I am proud that leaders of both sides of Australian politics will be showing their respect by attending memorial services for Nelson Mandela. The ideological and symbolic change that Nelson Mandela achieved in South Africa is a contemporary issue that we in Australia are still reconciling. It is an issue on which we look to all sides of politics to unify in order to achieve this change. As Nelson Mandela himself said:

Success in politics demands that you must take your people into confidence about your views and state them very clearly, very politely, very calmly, but nevertheless state them openly.

These same principles are the ones that are needed in our own journey towards reconciliation. Just as Mandela took South Africans into his confidence to share his vision, so too must we as Australian leaders take all Australians into our confidence and state our vision for a united Australia. We members of the Australian parliament must bring all Australians together on a journey to better understand each other. Only by taking this journey together will we be able to achieve lasting reconciliation for Australia.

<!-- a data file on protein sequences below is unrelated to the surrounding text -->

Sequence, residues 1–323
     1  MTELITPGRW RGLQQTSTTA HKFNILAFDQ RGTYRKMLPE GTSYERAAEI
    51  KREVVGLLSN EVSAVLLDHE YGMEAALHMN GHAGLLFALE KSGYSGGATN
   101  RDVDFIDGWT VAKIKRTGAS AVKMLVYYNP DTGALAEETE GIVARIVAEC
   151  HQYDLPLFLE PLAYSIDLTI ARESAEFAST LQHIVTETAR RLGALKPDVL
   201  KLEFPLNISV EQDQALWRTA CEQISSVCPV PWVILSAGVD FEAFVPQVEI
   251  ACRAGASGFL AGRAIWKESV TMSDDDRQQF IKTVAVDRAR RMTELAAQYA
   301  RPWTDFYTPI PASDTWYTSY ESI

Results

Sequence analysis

In closing, I will use Nelson Mandela's own words to encourage us in Australia's journey towards unity:

Our march to freedom is irreversible. We must not allow our fear to stand in the way.

May we never let our fear stand in the way of achieving a stronger, more united Australia. Let us hope that the vision that has been imparted to us not only by him but by leaders within Australia becomes a basis from which we take the next stage of the journey that we have, that we achieve a country of greatness and of unity—a country in which all are part of the vision for the country but where we also stand as equals in the way we integrate and accept each other's ideas. Let us hope to show the passion for the future as Mandela did for Africa, as he did for the global community, for which he gained respect and acknowledgement for having the forgiveness to forge a way where all walk as equals.